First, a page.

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Top 2018 Small Biz Legal Tips Roundup

By Christopher Coble, Esq. | Last updated on

It was a volatile year for entrepreneurs and small business owners. Many are still sorting through new tax laws, trying to figure out where the market is going, or mitigating the impact of tariffs and trade wars. And between new minimum wage and overtime laws, private contractor regulations, and the #MeToo spotlight on workplace sexual harassment, it's been quite a litigious year as well.

So here's a year-end roundup on some of our most popular legal tips for small businesses from 2018, and how to get ready for a big year ahead.

1. Small Business Owners: Beware the Frivolous Lawsuit

Litigation can drag your budding small biz to a grinding halt. So how do you distinguish between legitimate legal threats and others just hunting for a quick money settlement? Here are a few ideas, beyond hiring the best counsel you can find.

2. Drafting Enforceable User Agreements and Liability Waivers

Often, a good contract can avoid all that costly litigation. But not all contracts are enforceable in court, and the difference between a good liability waiver and one that gets tossed aside can often be a few choice words or phrases. You'll likely need a good lawyer to know the difference, but here are some quick tips and how to recognize an enforceable user agreement in the wild.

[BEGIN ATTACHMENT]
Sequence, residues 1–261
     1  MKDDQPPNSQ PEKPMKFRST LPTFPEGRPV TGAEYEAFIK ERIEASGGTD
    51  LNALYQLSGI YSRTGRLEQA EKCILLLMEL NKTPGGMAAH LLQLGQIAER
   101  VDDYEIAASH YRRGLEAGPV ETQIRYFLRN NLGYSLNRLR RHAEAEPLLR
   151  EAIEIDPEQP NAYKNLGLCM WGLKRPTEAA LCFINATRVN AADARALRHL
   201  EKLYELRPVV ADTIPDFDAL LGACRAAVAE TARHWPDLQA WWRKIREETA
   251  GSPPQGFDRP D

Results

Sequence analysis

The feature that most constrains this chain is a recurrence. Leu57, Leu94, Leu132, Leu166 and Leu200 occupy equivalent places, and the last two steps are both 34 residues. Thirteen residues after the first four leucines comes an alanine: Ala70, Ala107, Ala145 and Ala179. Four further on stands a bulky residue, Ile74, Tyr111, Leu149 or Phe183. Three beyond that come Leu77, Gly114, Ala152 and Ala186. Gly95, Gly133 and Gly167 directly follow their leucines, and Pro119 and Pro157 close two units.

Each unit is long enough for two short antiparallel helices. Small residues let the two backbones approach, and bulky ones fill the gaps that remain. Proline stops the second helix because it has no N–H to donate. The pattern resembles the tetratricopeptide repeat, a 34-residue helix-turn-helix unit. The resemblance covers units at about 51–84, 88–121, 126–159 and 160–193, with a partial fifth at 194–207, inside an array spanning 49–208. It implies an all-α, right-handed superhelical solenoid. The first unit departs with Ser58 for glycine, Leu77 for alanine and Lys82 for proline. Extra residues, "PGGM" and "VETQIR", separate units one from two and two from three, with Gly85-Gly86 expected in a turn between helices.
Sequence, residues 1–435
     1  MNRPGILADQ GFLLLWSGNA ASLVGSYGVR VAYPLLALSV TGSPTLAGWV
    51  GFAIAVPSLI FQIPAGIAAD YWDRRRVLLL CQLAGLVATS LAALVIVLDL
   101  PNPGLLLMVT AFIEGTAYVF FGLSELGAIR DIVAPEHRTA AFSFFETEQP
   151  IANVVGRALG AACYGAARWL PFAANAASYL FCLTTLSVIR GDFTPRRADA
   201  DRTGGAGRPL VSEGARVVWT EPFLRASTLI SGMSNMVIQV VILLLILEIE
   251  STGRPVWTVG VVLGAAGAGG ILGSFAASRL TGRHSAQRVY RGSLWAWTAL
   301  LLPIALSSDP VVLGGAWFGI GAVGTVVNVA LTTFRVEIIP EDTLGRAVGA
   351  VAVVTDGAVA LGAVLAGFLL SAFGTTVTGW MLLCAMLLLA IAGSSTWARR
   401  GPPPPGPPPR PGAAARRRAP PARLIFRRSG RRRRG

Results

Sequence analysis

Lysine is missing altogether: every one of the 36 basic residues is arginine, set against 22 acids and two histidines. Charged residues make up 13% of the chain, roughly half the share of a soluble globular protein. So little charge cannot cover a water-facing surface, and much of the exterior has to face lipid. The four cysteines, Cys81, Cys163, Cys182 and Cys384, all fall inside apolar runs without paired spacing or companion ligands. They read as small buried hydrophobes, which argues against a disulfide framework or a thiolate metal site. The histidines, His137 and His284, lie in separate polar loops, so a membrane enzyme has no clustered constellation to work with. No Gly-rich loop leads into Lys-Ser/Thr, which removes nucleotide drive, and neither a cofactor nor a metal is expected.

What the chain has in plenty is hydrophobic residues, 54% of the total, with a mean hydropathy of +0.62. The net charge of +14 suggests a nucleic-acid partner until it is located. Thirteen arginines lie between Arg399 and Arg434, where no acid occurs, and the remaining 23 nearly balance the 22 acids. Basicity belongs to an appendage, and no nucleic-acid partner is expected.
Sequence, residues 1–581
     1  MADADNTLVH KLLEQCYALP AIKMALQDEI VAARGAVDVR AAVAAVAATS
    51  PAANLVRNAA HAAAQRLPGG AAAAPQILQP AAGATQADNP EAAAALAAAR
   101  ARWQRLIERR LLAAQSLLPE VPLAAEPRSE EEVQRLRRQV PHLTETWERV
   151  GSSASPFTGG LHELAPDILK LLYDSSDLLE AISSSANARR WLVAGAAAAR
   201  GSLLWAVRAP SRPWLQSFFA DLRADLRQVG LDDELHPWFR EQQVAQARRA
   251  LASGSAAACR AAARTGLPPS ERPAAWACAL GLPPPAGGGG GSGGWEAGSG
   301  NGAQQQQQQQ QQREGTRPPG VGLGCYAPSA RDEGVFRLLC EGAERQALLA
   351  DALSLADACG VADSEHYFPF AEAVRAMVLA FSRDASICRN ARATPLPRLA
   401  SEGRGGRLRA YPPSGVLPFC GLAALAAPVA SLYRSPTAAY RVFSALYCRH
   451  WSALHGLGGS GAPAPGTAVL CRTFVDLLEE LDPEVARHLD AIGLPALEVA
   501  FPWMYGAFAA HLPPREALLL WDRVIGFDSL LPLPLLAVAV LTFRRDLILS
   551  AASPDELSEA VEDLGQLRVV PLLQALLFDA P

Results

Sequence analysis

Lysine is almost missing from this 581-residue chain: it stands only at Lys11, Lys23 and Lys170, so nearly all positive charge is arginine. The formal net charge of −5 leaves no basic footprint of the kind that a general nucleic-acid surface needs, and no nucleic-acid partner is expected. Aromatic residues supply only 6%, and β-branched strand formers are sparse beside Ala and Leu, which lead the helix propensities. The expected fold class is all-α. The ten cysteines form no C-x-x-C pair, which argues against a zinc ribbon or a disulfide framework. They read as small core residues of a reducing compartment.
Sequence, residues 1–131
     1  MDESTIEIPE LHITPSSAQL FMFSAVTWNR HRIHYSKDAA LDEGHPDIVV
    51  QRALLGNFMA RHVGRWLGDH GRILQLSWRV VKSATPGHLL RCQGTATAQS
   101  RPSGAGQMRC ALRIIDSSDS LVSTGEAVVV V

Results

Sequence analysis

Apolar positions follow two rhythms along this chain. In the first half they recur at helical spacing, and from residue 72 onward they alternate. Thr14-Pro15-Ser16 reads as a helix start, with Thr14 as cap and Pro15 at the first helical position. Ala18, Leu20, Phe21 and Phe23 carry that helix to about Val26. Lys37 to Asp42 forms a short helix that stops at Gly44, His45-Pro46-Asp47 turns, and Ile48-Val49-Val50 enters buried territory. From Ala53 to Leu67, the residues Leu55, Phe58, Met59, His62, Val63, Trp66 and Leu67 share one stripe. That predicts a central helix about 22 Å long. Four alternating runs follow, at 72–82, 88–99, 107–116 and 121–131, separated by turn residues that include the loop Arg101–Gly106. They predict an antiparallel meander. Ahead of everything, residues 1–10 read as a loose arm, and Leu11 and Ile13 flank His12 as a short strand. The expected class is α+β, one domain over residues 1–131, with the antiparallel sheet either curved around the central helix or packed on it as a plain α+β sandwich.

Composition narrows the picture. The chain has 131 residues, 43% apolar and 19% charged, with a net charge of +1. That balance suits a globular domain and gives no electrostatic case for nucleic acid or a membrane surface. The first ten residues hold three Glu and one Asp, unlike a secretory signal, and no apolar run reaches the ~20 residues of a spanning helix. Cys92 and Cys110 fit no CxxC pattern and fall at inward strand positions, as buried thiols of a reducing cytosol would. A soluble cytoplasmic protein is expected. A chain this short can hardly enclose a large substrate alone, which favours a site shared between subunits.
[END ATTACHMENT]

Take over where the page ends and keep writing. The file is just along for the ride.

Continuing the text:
3D printers are getting more and more advanced, meaning the business opportunities supplied by 3D printing are exploding. That also means regulatory regimes are expanding as well. Here's what you need to know.

4. Best Practices for Your Business's Dress Code

Corporate culture over the last decade has moved on from formal business attire to a more casual atmosphere. But how casual is too casual? And are there certain dress code requirements that go too far? Find out here.

5. How to Reduce the Risk of Cybercrime for Your Small Business

More and more companies are conducting business on the internet. And more and more cyber-criminals are using the internet to target businesses large and small. Not only do you need to protect yourself, but your customers and clients as well.

6. What to Do When a Non-Employee in a Coworking Space Harasses Your Employees

The 21st century office has expanded beyond the cubicle and into cars, cafes, and coworking spaces. And some of the same office issues have followed it, along with your requirement to keep your employees safe.

No one wants to go out of business. Here's how to go out right.

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